With "Step Up Revolution," their second summertime at-bat after "Rock of Ages," producers Adam Shankman and Jennifer Gibgot return to one of the things they do best -- making young unknowns look like the next big thing. In its fourth installment.
Sparkling insights on the issue of one's identity and the subtleties of twin sisterhood lie at the core of "Cha Cha for Twins" (寶米恰恰). The puppy romance spun around the central theme is sweet but also callow and somewhat stifling.
It's a good thing that J.R. Ewing only shot himself in a mirror in the final episode of "Dallas" back in 1991. Now he can rejoin the rest of the gang for a revival of the cult TV series.
Director Zoya Akhtar's road trip drama "Zindagi Na Milegi Dobara" swept the top honors, including best picture and best director, at the "Bollywood Oscars" held late Saturday in Singapore.
The only question looming over "Titanic 3D," really, is: Does the 3D get in the way? The ever-canny James Cameron has wisely resisted the temptation to tweak the film's Oscar-winning special effects
Espionage films are ultimately about loyalty. Who can you believe? Who might go turncoat? Is there a dagger beneath that cloak? "Tinker Tailor Soldier Spy" confronts the dilemma of trust in every scene.
"We Need to Talk About Kevin" is a horror movie for parents. Strip away the showy flashbacks -- cutting between several pasts and several points in the present -- and it's "We Need to talk About Damien." Because the only simple, satisfying way of explaining the monster at the heart of this nightmare is "He's the spawn of the Devil."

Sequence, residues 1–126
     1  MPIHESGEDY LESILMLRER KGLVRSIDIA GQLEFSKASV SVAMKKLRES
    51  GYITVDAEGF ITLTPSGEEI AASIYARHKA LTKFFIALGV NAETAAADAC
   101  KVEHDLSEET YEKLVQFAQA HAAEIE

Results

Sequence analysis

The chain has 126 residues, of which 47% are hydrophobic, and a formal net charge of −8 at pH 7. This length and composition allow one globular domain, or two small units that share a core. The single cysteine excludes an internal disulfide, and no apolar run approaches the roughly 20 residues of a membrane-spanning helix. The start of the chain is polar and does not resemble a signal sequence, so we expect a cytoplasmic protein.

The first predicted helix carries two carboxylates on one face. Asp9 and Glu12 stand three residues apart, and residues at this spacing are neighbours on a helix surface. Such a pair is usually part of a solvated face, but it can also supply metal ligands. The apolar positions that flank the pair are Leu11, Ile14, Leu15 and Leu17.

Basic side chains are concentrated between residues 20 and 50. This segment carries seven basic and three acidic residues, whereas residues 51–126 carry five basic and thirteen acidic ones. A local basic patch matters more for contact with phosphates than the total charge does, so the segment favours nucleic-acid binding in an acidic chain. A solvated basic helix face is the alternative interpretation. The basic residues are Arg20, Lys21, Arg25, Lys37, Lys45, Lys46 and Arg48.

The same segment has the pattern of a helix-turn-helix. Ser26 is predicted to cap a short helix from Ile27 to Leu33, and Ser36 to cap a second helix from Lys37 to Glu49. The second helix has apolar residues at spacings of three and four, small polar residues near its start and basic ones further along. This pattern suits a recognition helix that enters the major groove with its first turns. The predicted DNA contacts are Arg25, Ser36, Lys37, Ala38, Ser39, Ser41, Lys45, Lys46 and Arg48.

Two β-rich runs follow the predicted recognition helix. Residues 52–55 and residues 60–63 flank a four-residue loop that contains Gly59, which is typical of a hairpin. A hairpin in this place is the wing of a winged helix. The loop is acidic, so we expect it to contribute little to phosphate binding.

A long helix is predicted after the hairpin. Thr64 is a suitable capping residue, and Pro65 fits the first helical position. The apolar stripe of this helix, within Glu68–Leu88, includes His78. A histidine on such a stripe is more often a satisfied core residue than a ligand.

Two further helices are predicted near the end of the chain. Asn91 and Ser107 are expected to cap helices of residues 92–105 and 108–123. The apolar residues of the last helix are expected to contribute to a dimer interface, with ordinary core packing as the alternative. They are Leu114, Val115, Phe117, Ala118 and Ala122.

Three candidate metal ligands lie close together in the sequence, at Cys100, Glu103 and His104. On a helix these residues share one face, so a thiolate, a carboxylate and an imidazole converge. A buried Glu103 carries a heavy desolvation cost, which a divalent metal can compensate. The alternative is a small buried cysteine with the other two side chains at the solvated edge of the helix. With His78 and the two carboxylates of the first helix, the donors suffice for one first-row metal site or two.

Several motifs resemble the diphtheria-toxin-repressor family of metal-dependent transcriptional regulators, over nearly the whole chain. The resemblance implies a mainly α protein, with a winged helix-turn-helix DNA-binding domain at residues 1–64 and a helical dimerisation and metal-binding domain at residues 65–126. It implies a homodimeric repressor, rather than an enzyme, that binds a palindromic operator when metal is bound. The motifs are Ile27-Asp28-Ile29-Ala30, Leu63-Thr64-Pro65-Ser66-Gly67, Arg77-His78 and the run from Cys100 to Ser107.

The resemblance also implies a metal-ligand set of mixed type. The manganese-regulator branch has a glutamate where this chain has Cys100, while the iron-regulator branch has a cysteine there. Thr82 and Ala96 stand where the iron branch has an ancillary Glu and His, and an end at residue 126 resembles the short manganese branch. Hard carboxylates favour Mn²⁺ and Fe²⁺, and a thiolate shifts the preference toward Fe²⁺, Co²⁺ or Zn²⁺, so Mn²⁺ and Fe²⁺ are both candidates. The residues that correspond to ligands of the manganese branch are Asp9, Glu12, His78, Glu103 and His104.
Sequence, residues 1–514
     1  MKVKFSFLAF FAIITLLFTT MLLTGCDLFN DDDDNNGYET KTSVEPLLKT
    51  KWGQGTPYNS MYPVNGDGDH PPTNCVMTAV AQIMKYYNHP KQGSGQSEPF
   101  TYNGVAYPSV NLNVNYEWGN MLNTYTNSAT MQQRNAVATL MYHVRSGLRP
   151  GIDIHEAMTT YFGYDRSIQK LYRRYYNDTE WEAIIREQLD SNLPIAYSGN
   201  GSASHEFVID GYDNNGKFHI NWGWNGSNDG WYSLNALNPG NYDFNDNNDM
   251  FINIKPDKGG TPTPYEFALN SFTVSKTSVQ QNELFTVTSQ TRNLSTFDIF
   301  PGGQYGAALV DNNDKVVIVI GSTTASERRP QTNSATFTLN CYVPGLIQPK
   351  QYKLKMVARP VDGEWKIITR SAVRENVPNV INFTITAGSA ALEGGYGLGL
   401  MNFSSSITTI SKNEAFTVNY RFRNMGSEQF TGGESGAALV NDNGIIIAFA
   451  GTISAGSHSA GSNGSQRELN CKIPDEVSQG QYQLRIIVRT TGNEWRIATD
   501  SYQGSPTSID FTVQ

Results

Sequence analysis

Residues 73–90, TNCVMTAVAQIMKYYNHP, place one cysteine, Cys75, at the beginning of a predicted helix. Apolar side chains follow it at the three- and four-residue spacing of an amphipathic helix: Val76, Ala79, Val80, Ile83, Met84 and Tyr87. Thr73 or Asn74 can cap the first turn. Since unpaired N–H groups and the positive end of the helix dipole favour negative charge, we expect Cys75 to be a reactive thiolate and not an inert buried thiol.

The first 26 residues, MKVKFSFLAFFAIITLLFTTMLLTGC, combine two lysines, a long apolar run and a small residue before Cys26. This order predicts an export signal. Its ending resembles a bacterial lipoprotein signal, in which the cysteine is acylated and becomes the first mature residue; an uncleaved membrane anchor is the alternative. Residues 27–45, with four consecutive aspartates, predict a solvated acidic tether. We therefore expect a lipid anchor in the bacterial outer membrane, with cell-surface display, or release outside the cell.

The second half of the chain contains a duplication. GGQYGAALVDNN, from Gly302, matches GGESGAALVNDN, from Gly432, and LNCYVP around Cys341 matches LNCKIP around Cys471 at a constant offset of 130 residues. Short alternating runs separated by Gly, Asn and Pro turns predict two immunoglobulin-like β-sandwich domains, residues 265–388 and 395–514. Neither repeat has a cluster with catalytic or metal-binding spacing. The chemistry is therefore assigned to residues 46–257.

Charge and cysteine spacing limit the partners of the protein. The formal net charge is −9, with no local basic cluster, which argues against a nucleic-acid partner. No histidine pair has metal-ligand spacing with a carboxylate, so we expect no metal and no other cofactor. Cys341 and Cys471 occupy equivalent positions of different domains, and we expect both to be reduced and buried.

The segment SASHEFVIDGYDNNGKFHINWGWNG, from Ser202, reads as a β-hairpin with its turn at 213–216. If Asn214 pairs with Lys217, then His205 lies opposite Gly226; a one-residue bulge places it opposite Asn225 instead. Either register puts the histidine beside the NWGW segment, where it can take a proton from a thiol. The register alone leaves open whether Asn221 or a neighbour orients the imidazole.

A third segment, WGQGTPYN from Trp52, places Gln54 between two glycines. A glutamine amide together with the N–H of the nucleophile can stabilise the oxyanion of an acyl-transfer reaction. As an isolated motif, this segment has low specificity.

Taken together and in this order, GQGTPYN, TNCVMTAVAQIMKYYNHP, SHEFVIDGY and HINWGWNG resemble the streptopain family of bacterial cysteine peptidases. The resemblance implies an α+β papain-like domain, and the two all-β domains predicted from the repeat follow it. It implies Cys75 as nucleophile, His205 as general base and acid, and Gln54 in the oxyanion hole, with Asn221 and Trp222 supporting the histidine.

If "The Lady" is any indication, Luc Besson, the Paris-born filmmaker behind such testosterone-fueled thrillers as "Taken," "Transporter 2" and "The Fifth Element," is having a tough time getting in touch with his feminine side. Yes, there was his recent script for "Colombiana," but at least as portrayed by Zoe Saldana, that was one tough chick.
"A simple Life" (桃姐) resonates beyond the audience's fictional limitations. It succesfully taps into the harbored memories, and at times, makes the sentiment surface to remind us how we can all strive to be better to our family and loved ones.
Daniel Radcliffe acquits himself reasonably well in his first adult big-screen role, a man haunted by "The Woman in Black." He plays a young lawyer, a single father and widower with enough conviction to make this spooky period piece credible, though one might wish for a little more fear in the character and in his performance when confronted by the supernaturally sinister. I guess once you've faced down Lord Voldemort, you ain't afraid of no ghosts.